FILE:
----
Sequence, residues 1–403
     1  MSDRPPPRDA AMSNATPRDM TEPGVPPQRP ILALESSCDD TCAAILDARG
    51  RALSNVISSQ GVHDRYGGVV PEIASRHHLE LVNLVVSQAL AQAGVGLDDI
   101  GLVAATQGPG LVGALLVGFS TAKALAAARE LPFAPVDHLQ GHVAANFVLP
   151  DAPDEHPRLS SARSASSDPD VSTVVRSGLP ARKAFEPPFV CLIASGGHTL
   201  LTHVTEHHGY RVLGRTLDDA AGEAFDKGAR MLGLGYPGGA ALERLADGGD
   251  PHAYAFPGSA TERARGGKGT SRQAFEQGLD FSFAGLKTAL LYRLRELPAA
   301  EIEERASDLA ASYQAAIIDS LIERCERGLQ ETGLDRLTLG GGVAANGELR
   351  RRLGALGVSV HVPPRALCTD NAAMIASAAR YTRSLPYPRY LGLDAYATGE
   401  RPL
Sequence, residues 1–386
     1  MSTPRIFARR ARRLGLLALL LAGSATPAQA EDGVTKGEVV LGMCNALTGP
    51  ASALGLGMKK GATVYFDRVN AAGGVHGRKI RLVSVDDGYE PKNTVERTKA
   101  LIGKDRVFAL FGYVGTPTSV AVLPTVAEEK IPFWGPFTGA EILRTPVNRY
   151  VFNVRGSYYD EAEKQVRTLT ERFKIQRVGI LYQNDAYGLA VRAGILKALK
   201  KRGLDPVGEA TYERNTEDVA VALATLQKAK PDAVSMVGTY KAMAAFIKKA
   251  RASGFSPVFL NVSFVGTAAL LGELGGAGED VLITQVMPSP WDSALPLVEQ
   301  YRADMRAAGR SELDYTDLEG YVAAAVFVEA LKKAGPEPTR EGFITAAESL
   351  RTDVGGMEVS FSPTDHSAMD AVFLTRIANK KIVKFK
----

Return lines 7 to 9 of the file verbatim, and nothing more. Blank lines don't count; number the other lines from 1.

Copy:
   251  PHAYAFPGSA TERARGGKGT SRQAFEQGLD FSFAGLKTAL LYRLRELPAA
   301  EIEERASDLA ASYQAAIIDS LIERCERGLQ ETGLDRLTLG GGVAANGELR
   351  RRLGALGVSV HVPPRALCTD NAAMIASAAR YTRSLPYPRY LGLDAYATGE